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Corruption – A Serious Problem – Has Not Gotten Worse Over Last Few Years, Voters Say

Corruption – A Serious Problem – Has Not Gotten Worse Over Last Few Years, Voters Say

Tuesday, May 26, 2015

Corruption – A Serious Problem – Has Not Gotten Worse Over Last Few Years, Voters Say; Not As Important as Jobs or Education as Priority Issue for Legislature to Address
Voters Strongly Support Continuing Property Tax Cap (Maybe with Changes); Support Start-Up NY; Continue to Support SAFE Act; Voters Divided on Education Tax Credit and Dream Act
Cuomo Favorability & Job Performance Ratings Worst As Governor


Loudonville, NY.  While 90 percent of voters say corruption in state government is a serious problem and 62 percent say corruption among their state legislators is a serious problem, 57 percent say the level of corruption in state government over the last four years is about the same as it was previously. However, addressing corruption and ethics is a second tier issue for voters, who say the top two issues for the Legislature to address are jobs and education, according to a new Siena College poll of New York State registered voters released today. 

More than three-quarters of voters want to see the property tax cap continued – 43 percent as is; 36 percent with changes to give school districts and local governments more flexibility. Voters support the Start-Up New York program 52-37 percent and the SAFE Act 62-33 percent (up slightly from 58-33 percent in December). Voters are split on the proposed education tax credit plan – with 44 percent supporting it and 49 percent opposing – and the Dream Act, which is supported by 47 percent and opposed by 50 percent (44-50 percent last month).  Governor Andrew Cuomo now has his lowest favorability and job performance ratings since taking office.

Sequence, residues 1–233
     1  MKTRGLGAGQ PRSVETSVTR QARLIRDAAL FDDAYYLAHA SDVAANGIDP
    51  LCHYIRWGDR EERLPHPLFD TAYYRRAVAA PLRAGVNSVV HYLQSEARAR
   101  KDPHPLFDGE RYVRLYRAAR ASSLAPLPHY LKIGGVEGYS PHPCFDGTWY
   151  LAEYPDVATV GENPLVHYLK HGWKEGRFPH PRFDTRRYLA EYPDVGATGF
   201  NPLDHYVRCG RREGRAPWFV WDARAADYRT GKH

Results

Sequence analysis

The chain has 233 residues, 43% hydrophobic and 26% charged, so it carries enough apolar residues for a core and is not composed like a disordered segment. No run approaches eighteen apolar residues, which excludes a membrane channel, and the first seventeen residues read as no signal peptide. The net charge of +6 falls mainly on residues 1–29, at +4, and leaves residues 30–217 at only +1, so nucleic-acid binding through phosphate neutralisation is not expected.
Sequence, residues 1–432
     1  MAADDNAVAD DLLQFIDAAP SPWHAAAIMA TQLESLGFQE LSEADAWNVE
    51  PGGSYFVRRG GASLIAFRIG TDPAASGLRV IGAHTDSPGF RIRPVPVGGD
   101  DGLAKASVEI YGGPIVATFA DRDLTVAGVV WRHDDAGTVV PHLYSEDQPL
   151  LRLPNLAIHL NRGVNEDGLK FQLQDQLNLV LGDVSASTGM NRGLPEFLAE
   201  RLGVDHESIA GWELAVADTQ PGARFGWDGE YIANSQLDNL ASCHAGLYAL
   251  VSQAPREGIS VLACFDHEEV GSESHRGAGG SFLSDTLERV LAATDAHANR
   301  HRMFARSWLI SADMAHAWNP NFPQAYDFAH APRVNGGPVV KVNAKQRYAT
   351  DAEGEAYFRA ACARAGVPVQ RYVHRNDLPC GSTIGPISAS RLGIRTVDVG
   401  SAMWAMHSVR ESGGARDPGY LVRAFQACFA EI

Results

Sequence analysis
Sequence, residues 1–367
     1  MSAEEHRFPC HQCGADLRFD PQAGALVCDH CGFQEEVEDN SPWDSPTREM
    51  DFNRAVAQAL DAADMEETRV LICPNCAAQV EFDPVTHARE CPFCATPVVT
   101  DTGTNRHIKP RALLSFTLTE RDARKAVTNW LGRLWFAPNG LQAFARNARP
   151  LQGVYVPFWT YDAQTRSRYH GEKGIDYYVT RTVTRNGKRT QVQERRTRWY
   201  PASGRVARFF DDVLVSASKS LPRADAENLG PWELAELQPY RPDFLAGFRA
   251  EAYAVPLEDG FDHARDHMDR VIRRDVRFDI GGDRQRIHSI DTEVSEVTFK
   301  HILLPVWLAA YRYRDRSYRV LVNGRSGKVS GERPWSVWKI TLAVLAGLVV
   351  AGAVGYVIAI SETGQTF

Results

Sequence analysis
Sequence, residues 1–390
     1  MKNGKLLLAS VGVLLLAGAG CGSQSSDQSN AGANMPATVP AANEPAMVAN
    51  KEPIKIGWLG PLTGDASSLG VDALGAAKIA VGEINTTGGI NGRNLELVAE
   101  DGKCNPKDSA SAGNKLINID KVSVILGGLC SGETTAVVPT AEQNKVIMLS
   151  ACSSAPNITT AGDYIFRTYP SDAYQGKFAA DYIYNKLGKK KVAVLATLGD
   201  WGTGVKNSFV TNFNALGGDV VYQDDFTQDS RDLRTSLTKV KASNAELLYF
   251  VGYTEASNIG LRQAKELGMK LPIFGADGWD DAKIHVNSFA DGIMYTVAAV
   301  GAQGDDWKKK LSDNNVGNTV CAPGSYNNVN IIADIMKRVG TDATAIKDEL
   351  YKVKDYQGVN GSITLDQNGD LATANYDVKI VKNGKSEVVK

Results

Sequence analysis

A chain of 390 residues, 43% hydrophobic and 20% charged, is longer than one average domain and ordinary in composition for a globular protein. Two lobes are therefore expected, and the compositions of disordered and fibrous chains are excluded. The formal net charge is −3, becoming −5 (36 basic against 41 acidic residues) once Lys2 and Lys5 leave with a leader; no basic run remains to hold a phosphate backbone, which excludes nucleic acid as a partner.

“Voters continue to see corruption in state government as a serious issue, with half saying it’s a very serious issue. One-third of voters think there’s been more corruption in the last four years than there was previously, however, a clear majority, 57 percent, say it’s about the same as it previously was,” said Siena College pollster Steven Greenberg. “By a 55-35 percent margin – including majorities from every party and region – voters say the recent indictments of former Speaker Sheldon Silver and former Majority Leader Dean Skelos will not reduce corruption in Albany.

“When it comes to reducing corruption, half – including a majority of Democrats and those from New York City – say Cuomo has been at least somewhat effective, while half say he has not been,” Greenberg said.

Jobs/economy was identified by 30 percent of voters as the most important issue they want their state legislators working on, followed by education at 27 percent, corruption and ethics at 15 percent, taxes at 13 percent and health care at 12 percent.

“While voters see corruption as a serious problem in Albany, it is certainly not the most important issue they want the Legislature to address,” Greenberg said. “Jobs and education are the key issues for all voters. Jobs leads the way with Republicans and independents, New York City and upstate voters, and those 55 and older.  Democrats are split between education and jobs as the top issue, while education tops the list for downstate suburbanites and voters under 55.

“If Albany does try to address the corruption issue before session ends, voters think there are several reforms that would help reduce corruption, however, they are closely divided on which would be the most effective in reducing corruption,” Greenberg said. “One-third say dramatically reducing campaign contribution limits, while one-quarter each say true independent oversight and increased financial disclosure are the way to go. Only one in eight think a full time legislature is the most effective corruption fighting proposal.